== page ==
The Media Fell for a Viral Hoax About Ivermectin Overdoses Straining Rural Hospitals
KFOR, an Oklahoma news channel, reported last week that rural hospitals throughout the state were in danger of becoming overwhelmed by victims of a very specific poisoning: overdoses of ivermectin, an anti-parasite drug promoted by vaccine skeptics as a possible treatment for COVID-19.
The story went viral, and was seized upon by the mainstream media. But its central claim is substantially untrue.
The meat of the story is a series of quotes from an Oklahoma doctor, Jason McElyea, who appears to attribute overcrowding at local hospitals to a deluge of ivermectin overdoses.
“The ERs are so backed up that gunshot victims were having hard times getting to facilities where they can get definitive care and be treated,” McElyea told KFOR’s Katelyn Ogle.
The story ran under the headline: “Patients overdosing on ivermectin backing up rural Oklahoma hospitals, ambulances.” It was quickly picked up by national news outlets such as Rolling Stone, Newsweek, and The New York Daily News. Numerous high-profile media figures, including MSNBC’s Rachel Maddow, tweeted about ivermectin overdoses straining Oklahoma hospitals—the implication being that the rightwing embrace of a crank COVID-19 cure was not only dangerous for the people who consumed it, but for the stability of the entire entire medical system.
It was a story that appeared to confirm many of the mainstream media’s biases about the recklessness of the rubes. But it’s extremely misleading. There is, in fact, little reason to believe a purported strain on Oklahoma hospitals is caused by ivermectin overdoses; one hospital served by the doctor quoted in the KFOR article released a statement saying it has not treated any ivermectin overdoses, nor has it been forced to turn away patients.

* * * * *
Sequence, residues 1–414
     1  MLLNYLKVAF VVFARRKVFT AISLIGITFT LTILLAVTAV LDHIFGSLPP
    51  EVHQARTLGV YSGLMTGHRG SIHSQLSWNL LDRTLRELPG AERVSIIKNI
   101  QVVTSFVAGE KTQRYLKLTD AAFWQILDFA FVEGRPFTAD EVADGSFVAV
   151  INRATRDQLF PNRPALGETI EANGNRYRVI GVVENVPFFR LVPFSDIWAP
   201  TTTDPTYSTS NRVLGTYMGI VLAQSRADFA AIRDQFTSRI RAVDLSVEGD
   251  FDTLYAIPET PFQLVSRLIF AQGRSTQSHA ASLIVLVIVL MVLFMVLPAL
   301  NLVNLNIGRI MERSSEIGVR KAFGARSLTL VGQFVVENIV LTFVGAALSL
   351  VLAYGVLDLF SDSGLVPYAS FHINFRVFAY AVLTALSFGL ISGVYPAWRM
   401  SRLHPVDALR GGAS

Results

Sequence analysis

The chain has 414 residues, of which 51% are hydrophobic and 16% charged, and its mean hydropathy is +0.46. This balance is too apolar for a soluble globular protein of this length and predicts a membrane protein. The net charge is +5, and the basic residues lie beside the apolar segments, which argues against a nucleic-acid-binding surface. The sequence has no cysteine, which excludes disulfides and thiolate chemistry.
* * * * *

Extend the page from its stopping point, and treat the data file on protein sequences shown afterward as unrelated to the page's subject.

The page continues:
This is yet another example of the mainstream media lazily circulating a narrative that flatters the worldview of the liberal audience, without bothering to check on any of the details. Additional reporting was sorely needed here, and has now completely undermined the central point of the story.
It’s instructive to take a closer look at what went wrong. Rolling Stone‘s version of the story, for instance, quoted from McElyea’s interview with KFOR and did not provide any additional reporting or independently verified information. The image that accompanied the article on Twitter featured people waiting in long lines while wearing winter coats—which does not inspire great confidence that Rolling Stone knows what season it is in Oklahoma at present—and was summarized thusly: “Gunshot victims left waiting as horse dewormer overdoses overwhelm Oklahoma hospitals, doctor says.”
Rolling Stone has now appended an update at the top of the story, clarifying that there were 459 case of ivermectin overdoses in the U.S. during the month of Au
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